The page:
ballroom, chandeliers, Falaknuma, Falaknuma Palace, Hyderabad, India, King Edward VIII, library, Nawab Viqar ul Omra, Nizams of Hyderabad, Taj Falaknuma, Taj Hotel Group, The Falaknuma Palace, Venetian, vestibule
In March 2011, the Falaknuma Palace in Hyderabad, India reopened its doors – as a high-end hotel – after nearly a century of being sealed. Renamed the Taj Falaknuma (after the Taj Hotel Group) the hotel provides visitors a chance to experience the lavish lifestyle of the Nizams of Hyderabad who used the Palace as a guesthouse.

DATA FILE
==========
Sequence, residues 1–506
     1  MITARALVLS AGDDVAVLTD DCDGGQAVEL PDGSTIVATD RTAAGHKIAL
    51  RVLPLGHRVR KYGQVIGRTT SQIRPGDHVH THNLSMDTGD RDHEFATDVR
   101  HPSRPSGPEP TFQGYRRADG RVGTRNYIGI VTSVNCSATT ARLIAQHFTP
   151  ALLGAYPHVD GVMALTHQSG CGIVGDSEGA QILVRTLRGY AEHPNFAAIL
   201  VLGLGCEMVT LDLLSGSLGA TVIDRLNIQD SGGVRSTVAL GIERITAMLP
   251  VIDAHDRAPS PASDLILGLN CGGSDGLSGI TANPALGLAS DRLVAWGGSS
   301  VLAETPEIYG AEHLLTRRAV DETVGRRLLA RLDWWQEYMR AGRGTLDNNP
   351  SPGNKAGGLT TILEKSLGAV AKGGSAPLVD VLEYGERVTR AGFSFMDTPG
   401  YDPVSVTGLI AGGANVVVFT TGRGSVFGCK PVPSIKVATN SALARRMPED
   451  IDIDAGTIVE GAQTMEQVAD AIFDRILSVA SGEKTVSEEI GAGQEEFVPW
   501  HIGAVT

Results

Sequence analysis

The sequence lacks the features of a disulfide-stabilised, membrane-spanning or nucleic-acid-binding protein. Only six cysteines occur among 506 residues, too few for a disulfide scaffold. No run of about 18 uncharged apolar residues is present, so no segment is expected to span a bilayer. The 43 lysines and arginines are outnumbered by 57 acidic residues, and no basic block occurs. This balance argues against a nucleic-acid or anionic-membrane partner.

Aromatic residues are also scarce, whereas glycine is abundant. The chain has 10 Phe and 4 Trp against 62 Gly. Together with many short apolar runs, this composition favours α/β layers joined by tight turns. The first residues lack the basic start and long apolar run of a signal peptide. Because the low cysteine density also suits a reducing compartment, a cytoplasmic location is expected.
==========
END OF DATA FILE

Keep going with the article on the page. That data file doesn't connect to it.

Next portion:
The Falaknuma (meaning ‘mirror of the sky’) was commissioned in 1884 by Nawab Viqar ul Omra, the Nizam’s prime minister, as a residence for himself. Set on a scorpion shaped hillock, the Palace cost a fortune and took a decade to complete. The Nizam, who had a weakness for opulent palaces, eventually bought it and the Falaknuma was said to be his favourite palace. Royal house guests included King George V and Queen Mary, the Prince of Wales (later King Edward VIII) and Tsar Nicholas II of Russia. The Palace has 60 rooms, every one enormous in size, exquisitely decorated and literally fit for a king. The ballroom, for example, has walls that are covered in hundreds of yards of silk and the gilt ceiling is adorned with Venetian chandeliers, while the library houses 6,000 rare books and is inspired by the one in Windsor Castle. The massive dining room has one of the longest dining tables in the world, measuring 33 metres; it is made from teak and rosewood, seats 101 guests, and at the height of the Nizam’s power, was laid with gold plates and cutlery. The vestibule is adorned with frescoes, Greek urns, alabaster nymphs and Louis XIV furniture; the landing has portraits of the Nizams hanging in Rococo frames, illuminated by Carerra marble lamps and the famous chinoserie style Jade Room is full of objets d’art. — Marylou Andrew First published in the Adbuzzzzz section of The DAWN National Weekend Advertiser on March 13, 2011.